Between Two Cultures
The favourite prediction about the ‘conflict of cultures’ is an ideological construct that quickly loses obvious meaning when applied to everyday life. Rasha Khayat concentrates on this theme in her debut novel Weil wir längst woanders sind. She immerses us in a world of ambiguities in which our fixed ideas and opinions become muddled. The author, who spent part of her childhood in Saudi Arabia, tells the story of living between two cultures.
The siblings Basil and Layla know all about this balancing act. Their mother is German and their father was a Saudi doctor who died prematurely, and as children they lived for several years in Jeddah (close to Mecca) while later they attended schools in Düsseldorf where they make their home. They have studied, travelled around the world, lived in shared accommodation, enjoyed smoking and drinking alcohol.
Then suddenly Layla decides to return to Saudi Arabia to marry a man whom she hadn’t met up till then. While Barbara, her mother, refuses to participate in the wedding, Basil cannot find any excuse. He flies to Jeddah because he’d also like to find out from Layla why she is giving up life in Europe to be locked in the corset of Muslim tradition.
Rasha Khayat’s novel narrates Basil’s journey to his childhood home; she describes his irritating impressions in this world of countless ambiguities where plenty of things are allowed if only they remain hidden and out of sight. As soon as he arrives he personally experiences a transformation. He finds it surprisingly easy to utter a genuine “Inshallah”, even though he doesn’t know “when I last spoke about Allah”. Soon afterwards, Friday prayers pose a new test for him which he passes by silently murmuring the song “Der Mond ist aufgegangen” to himself, instead of praying. When he can finally ask his sister “what the devil we are getting involved in here”, she is able to give an astonishingly clear answer. She already decided back home in Germany “because I simply no longer want to be here where nothing happens and nothing fits”, as she records in a farewell letter.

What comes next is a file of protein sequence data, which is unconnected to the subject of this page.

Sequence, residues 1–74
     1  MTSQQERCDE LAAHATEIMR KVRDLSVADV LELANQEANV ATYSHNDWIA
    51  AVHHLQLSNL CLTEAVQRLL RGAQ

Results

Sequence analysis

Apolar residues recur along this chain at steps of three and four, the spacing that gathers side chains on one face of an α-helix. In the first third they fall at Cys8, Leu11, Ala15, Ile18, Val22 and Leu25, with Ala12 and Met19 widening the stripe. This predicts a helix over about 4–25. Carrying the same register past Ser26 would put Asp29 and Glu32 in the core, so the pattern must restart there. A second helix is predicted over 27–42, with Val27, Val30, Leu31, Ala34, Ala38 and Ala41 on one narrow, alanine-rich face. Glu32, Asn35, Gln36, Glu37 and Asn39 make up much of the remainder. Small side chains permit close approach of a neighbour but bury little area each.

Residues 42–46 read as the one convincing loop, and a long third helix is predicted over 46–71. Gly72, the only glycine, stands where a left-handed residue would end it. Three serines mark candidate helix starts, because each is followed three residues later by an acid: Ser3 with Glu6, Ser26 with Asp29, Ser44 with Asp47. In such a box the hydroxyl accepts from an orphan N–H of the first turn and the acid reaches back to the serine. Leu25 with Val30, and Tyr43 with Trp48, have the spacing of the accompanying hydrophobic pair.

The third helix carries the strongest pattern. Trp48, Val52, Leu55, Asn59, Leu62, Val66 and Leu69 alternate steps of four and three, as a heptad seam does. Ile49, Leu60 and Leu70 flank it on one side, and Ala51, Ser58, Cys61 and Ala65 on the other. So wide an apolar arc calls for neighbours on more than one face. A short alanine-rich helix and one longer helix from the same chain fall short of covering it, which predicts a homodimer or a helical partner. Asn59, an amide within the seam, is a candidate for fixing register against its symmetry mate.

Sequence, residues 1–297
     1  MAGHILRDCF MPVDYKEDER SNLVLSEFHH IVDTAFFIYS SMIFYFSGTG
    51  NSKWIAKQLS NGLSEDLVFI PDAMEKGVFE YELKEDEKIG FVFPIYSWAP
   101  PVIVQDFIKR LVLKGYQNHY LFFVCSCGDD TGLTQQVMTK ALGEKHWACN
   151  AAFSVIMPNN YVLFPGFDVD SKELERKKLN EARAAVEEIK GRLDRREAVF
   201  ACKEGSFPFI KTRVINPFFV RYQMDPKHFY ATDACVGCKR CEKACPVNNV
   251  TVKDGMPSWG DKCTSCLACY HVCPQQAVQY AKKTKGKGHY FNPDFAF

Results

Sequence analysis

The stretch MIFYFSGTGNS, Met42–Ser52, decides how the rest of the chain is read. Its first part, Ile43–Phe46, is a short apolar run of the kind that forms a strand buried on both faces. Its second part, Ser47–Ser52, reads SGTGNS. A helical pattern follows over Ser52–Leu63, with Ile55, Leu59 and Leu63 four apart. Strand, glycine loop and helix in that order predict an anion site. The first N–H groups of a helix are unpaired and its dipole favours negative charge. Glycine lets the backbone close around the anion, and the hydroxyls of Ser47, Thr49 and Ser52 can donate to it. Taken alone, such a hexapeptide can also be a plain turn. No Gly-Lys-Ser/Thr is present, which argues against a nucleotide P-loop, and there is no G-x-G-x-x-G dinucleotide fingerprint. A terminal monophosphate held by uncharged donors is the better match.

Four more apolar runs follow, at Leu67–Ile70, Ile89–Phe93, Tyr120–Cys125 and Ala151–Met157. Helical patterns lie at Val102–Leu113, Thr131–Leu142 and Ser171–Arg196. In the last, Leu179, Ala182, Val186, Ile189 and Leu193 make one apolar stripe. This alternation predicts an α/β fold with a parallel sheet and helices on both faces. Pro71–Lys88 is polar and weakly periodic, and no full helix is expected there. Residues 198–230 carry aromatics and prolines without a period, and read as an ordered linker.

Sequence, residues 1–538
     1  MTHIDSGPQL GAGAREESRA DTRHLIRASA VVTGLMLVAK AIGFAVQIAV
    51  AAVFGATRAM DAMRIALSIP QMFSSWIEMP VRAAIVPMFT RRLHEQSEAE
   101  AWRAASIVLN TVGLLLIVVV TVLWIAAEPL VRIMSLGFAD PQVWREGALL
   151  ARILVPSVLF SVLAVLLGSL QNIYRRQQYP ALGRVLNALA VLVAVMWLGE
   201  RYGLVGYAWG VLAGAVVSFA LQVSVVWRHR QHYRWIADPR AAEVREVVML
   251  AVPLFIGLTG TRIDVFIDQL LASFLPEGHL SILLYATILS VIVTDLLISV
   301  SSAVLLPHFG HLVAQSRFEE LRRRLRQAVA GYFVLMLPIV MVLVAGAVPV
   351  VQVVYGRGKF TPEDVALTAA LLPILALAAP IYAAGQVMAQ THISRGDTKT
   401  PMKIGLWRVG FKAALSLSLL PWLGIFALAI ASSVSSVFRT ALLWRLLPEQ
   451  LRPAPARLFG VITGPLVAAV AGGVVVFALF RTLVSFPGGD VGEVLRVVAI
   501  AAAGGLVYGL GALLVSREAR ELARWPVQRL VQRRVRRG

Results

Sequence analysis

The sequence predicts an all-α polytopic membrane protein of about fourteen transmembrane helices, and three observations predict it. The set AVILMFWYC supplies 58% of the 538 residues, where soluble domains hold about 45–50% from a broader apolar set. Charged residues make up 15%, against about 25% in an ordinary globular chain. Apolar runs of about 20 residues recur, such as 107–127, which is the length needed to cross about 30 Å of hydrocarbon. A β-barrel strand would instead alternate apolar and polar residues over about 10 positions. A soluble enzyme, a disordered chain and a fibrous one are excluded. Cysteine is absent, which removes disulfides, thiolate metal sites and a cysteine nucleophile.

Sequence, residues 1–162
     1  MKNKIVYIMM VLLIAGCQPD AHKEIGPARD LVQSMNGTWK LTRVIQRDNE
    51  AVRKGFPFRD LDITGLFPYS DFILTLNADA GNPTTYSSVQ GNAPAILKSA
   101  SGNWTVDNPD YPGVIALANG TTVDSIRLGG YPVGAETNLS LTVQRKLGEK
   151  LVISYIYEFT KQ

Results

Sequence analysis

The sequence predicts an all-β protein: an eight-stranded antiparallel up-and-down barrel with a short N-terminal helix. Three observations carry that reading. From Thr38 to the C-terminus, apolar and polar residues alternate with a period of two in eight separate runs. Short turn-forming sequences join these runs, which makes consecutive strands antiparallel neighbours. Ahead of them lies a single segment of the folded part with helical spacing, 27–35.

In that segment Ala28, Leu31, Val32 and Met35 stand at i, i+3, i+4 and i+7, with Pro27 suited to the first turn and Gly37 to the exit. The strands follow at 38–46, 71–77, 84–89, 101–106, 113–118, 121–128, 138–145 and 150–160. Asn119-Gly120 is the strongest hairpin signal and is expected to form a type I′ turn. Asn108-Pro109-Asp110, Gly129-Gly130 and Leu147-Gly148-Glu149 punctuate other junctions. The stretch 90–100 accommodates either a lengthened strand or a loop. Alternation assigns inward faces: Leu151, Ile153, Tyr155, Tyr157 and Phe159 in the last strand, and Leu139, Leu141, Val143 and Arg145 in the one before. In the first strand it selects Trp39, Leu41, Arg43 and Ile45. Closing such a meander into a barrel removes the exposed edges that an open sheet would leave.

The foreign country awakens memories of childhood intermingled with stories about various relatives. They create an equally vivid as well as painful tension that this novel thrives on. Nothing is clear, not even for Basil, who doesn’t want to give up his life in Germany at any cost. Layla finds her peace with her family in Saudi Arabia. On the other hand, Omar, a cousin, who returned from the USA years ago, says to Basil, “You are really lucky, ya Basha. Life is good in Germany. And I advise you one thing: don’t get mixed up in marriage.” Nothing is easy.
Rasha Khayat gives an insight into a life caught between two inwardly divided cultures. Her narrative device is that she allows a man to travel “back home” to the patriarchal society to obtain answers from a woman who freely volunteers to become subordinate to this society. These answers are more complex than the European standpoint would care to accept. And that makes this a fascinating book.
By Beat Mazenauer
Translated by Suzanne Kirkbright